IBikeCLT Update: Charlotteans strongly support uptown protected bike lanes

You’ve spoken up for safer bicycle facilities in Charlotte, and your voice is making a difference! More than 4,000 area residents have signed either our paper or online #iBikeCLT petition that we presented to City Council in July.

At the November 14 City Council Transportation and Planning Committee meeting, we heard an update from CDOT on the Uptown Urban Trails Connection Study.

IBikeCLT Study Purpose

The Uptown Connects Study is analyzing options for protected bike lane locations.

Click here to see the full presentation from the November 14 meeting. We were thrilled to learn that Charlotteans who attended an Uptown Connects workshop in September overwhelmingly want to see protected bike lanes in Uptown! 

IBikeCLT Study Protected Lane

99% of workshop participants said a protected bike lane in Uptown is very (84%) or somewhat (15%) important.

IBikeCLT Study Protected Lane review

94% of workshop participants had a good experience on CDOT’s demo protected bike lane. 89% said they would use one!

Stationary cars or moving cyclists?

CDOT cited examples of other cities that are investing in urban protected bike lanes including Washington DC, Atlanta, Memphis, Raleigh, and Austin. Cities that have protected bike lanes in use are experiencing tremendous economic, safety, and social equity benefits.

About 60% of current and potential cyclists fall in the “Interested but Concerned” category. They feel comfortable riding a bicycle on very low traffic volume neighborhood streets, greenways, rail trails, and other facilities where they’re physically separated from motor vehicles. But they don’t want to ride in in car lanes or in bike lanes that are separated from cars only by paint. Protected bike lanes have the proven ability to dramatically increase cycling participation rates for these Interested But Concerned folks!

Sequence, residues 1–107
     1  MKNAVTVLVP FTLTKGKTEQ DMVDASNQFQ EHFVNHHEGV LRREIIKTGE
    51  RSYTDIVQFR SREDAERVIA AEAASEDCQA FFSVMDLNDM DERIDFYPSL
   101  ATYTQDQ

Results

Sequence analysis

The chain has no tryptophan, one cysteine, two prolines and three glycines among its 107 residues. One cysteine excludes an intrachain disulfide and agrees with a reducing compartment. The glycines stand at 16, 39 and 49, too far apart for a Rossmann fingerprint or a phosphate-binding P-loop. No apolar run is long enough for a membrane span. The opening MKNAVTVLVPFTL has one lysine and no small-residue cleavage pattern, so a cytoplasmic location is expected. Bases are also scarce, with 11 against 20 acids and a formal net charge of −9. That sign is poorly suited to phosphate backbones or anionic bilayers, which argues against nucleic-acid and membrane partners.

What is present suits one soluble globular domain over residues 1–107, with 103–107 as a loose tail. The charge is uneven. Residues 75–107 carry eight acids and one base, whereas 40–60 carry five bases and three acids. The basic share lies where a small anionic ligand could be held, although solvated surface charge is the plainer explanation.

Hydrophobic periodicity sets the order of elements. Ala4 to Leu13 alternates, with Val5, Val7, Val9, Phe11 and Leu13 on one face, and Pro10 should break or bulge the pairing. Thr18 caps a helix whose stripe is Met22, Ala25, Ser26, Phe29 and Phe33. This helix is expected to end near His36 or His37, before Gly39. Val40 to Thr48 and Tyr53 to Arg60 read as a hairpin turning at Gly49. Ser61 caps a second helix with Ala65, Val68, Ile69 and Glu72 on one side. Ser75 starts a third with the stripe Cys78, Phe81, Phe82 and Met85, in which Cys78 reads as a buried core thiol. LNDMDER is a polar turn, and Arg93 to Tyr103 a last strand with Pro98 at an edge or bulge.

Why should Charlotte invest in Uptown protected bike lanes when we’re facing increasing motor vehicle congestion? With an estimated 400,000 residents moving to the city over the next 25 years, our traffic congestion will only get worse if we continue to provide street space almost exclusively for cars. Our streets in the urban core would serve residents much better if some of our excess on-street parking was converted to lanes to move cyclists safely.

In a city that currently ranks last among the 50 U.S. cities for upward economic mobility, transportation must be considered as a social equity issue. Very low income workers (less than $10,000 household income per year) bike to work at twice the rate of the national average for all income levels.

IBikeCLT Study Protected lane purpose

More than half of workshop participants would primarily use a protected bike lane for commuting to work!

Next steps and challenges

CDOT and Charlotte Center City Partners will host a workshop for Uptown property and business owners in December. A second public meeting will be held in January 2017, including a public comment period that will extend into February. We’ll share those opportunities with you when we hear details.